Yesterday’s Crimes: The Mass Shooting on the Day That Steve Jobs Died

A homicidal public access TV host and the death of the most famous tech CEO of all time combined to bring a double tragedy to Silicon Valley.

(Courtesy Photo)

The Lehigh Permanente Quarry on the edge of Cupertino’s tree-lined suburbs stood as a holdover to a time when orchards and mining drove the South Bay’s economy — well before anyone thought of calling the place Silicon Valley. The quarry pounded out 1.2 million tons of cement per year just four miles away from Apple, the richest company in Cupertino and the world.

But on Oct. 5, 2011, death swept across Cupertino’s sea of single-family homes, top schools, and shopping malls. By the end of that bloody Wednesday, the reaper would have claimed a trio of veteran quarrymen and the town’s most famous son in a pair of separate tragedies that united the old, polluting cement plant with the $153.3 billion iPhone leviathan.

Shareef Allman, a 49-year old truck driver, showed up mad to a 4:15 a.m. safety meeting at the quarry that day. In San Jose where Allman lived in an apartment complex on Renaissance Drive, he was known as a community and religious activist who worked with at-risk African-American youth. He even had his own show called Real 2 Real on CreaTV, San Jose’s public access channel, where he once interviewed Jesse Jackson about the power of gospel music.

But that day Allman was upset that his union shop steward wasn’t going to represent him and his bad safety record anymore; mad that he was moved from the day shift to nights; and pissed off about the $10 he chipped in for a coworker’s going away party.

Allman didn’t show this when he first entered the trailer where the meeting was held. He said hi to everyone like nothing was wrong, grabbed a cup of coffee and left for a couple of minutes.

He came back with a .40-caliber handgun and a .223-caliber assault rifle, and shot two rounds into the ceiling. 

“You think you can fuck with me?” he raged, and then fired on his colleagues — many of them people he’d worked with for years.

“Everyone was jumping under the table,” quarry worker Mike Ambrosio told the Mercury News. “Some sitting at the table were shot in the stomach.”

Ambrosio was shot in the arm, but survived by playing dead.

Working at the Permanente Quarry was a family affair, and Allman’s bullets hit workers that were bound by blood as well as profession. Allman killed Ambrosio’s cousin, Manual Piñon, 48. Piñon’s brother Jerry had just finished his shift moments before the shooting started.

Longtime safety leader John Vallejos, 51, died in that trailer, while his brother Jesse was among the six wounded. Mark Munoz, 59, was the third worker killed that morning. He had trained many of the other victims in their jobs and was looking forward to his retirement in three years.

After the smoke cleared, Allman fled the blood-soaked trailer and the quarry. He ditched his brown Mercury sedan and four guns at an Arco Station, and tried to take a woman’s car at gunpoint from a Hewlett Packard parking lot at 7 a.m. The woman refused. Allman shot her. The woman survived, and Allman melted away into the suburbs again.

A few miles north, Apple co-founder Steve Jobs was nodding in and out of consciousness in his English country-style manse in Palo Alto. With his combination of ego, drive, and uncanny design sense, Jobs was able to disrupt the music and telephone industries almost simultaneously, but even the iTunes store at its peak couldn’t put pancreatic cancer out of business like it did to Tower Records. Jobs was dying. He didn’t have much time left.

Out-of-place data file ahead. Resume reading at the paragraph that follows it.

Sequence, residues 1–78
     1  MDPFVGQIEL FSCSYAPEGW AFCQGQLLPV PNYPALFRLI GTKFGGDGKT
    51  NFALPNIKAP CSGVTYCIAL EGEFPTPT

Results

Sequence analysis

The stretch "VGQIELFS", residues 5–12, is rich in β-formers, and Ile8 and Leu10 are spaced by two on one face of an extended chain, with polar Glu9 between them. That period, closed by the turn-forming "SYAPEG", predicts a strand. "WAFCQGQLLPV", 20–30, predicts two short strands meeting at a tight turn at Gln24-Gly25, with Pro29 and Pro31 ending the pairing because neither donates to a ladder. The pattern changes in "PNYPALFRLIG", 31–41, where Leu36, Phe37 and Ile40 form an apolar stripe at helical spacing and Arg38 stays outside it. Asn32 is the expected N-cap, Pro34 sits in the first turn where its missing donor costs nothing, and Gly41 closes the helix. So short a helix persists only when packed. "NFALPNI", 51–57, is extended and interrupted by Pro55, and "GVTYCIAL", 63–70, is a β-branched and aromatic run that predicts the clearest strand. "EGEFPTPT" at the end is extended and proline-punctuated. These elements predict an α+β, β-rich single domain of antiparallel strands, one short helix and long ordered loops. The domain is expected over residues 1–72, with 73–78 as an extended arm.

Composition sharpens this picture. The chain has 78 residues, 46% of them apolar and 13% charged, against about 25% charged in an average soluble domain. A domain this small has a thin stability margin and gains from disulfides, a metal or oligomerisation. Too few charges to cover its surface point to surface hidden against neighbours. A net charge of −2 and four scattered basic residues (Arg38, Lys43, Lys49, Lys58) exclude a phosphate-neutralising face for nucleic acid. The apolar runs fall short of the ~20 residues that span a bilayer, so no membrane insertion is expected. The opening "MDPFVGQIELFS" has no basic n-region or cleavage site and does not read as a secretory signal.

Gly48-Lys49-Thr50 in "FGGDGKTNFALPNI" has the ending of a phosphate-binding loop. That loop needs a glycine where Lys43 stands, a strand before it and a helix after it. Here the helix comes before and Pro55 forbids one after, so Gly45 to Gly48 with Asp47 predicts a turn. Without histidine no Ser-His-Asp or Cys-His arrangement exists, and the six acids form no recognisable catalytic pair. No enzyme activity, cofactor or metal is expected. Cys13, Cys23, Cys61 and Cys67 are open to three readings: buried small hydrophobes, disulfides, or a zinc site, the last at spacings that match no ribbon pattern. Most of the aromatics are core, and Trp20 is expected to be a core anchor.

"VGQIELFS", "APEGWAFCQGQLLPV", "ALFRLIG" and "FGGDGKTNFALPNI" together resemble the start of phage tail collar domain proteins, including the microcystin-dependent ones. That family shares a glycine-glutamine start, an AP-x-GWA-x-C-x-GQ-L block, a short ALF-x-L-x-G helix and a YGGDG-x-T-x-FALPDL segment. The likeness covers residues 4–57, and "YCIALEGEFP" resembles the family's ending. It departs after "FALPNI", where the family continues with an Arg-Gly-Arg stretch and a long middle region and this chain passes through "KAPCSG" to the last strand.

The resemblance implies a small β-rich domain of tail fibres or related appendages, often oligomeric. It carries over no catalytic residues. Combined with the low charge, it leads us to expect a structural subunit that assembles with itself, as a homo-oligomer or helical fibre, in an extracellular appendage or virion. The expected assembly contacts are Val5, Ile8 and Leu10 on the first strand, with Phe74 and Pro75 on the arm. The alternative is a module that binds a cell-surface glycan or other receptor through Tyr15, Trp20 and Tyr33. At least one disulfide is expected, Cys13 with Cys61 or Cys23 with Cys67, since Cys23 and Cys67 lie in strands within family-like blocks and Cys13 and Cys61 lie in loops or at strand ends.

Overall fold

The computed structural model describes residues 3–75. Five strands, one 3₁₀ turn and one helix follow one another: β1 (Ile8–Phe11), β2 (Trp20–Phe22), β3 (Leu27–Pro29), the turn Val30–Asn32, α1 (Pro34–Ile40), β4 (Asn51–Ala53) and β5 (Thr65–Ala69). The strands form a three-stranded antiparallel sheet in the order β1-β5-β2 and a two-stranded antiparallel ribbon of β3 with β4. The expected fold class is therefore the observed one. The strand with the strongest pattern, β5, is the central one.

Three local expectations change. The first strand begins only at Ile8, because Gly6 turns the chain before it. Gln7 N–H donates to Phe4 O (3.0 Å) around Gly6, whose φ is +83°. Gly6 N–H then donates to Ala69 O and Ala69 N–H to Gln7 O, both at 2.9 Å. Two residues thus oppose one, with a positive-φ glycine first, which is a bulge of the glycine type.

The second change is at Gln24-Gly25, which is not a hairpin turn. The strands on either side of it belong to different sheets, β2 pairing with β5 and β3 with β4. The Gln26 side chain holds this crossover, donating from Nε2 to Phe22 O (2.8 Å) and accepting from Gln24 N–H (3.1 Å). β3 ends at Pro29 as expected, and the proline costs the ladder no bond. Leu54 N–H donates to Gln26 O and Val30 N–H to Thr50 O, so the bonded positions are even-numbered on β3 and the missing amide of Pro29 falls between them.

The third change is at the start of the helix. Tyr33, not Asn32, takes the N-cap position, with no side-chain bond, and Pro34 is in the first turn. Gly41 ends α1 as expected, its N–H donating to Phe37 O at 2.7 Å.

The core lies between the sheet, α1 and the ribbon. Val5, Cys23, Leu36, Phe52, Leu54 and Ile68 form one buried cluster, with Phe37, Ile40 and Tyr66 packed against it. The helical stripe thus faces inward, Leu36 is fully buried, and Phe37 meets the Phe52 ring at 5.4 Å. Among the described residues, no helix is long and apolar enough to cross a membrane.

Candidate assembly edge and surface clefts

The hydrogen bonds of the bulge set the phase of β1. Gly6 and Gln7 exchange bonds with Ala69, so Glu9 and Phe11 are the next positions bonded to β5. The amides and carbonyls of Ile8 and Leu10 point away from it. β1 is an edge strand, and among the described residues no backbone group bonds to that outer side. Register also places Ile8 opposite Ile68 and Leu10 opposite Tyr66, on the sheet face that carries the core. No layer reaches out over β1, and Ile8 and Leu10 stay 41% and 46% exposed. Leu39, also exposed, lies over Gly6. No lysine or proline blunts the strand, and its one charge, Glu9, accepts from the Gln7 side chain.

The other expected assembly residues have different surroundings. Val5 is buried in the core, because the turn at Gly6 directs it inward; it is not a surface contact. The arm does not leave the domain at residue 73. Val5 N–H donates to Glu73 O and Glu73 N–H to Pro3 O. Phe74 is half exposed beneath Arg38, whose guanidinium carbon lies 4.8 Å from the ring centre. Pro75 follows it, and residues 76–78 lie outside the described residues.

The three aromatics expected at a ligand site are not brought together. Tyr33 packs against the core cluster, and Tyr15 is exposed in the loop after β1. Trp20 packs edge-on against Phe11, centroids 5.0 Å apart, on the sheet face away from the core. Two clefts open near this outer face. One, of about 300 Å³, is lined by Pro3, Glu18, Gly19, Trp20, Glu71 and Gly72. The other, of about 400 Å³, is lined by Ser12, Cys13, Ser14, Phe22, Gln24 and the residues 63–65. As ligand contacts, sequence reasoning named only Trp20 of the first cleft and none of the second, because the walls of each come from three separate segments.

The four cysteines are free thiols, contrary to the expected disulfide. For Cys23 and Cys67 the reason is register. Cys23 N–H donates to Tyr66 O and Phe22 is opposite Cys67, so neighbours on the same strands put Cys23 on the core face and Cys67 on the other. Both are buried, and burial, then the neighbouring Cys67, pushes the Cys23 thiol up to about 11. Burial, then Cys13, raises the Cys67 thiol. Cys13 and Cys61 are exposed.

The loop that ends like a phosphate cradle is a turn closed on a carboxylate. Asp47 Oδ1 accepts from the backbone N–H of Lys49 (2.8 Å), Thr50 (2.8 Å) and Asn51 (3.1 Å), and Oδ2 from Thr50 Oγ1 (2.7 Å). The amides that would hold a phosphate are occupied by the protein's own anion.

He offered his goodbyes to longtime Apple employees over the phone and said what he could to his family gathered at his side. Sometime during that already tragic morning for Cupertino, Jobs uttered a verbal triptych, thrice chanting, “Oh wow” before succumbing to unconsciousness.

In Cupertino, the 215-pound Allman eluded capture as bands of militarized police clad in army surplus cammies combed through every backyard and carport searching for him. Schools and businesses were on lockdown. Streets were closed. Apple employees could only look at the hillside quarry through their HQ’s western windows as they and everyone else in Cupertino were ordered to shelter in place.

Steve Jobs died at 3:00 p.m. Apple CEO Tim Cook announced the news with a press release. Whether they knew it or not, Jobs’ followers risked possible death to leave flowers and candles at Apple’s main campus at 1 Infinite Loop, halfway between Allman’s path from the quarry to the HP lot where he was last seen.

“I’m a Cupertino resident,” Peggy Fang said with tears streaming down her face as she left a bouquet of flowers at Apple’s HQ. “I have a good life because of Apple stock. It’s very sad.”

A group of Chinese computer science students left an Apple logo made from tea candles on the pavement near a fleet of satellite trucks from local and national news networks. Others scrawled their condolences on the walkway. “You were loved! You will be missed!!!” read one message written inside of a red heart.

The escalation of tragedy that could have happened with so many Jobs admirers coming to Cupertino to mourn their dead techie king never materialized, thankfully. Allman took his own life during a shootout with three young deputies when he was found hiding behind parked cars on the 900 block of Lorne Way in Sunnyvale at 7:30 a.m. the next morning. In the end, Allman died just one block over from the space where Apple would soon build its new spaceship-like campus, a pharaonic monument to Steve Jobs’ memory if not his mortal remains.

 Special thanks to Tom Lesondak for walking me through that day.

 

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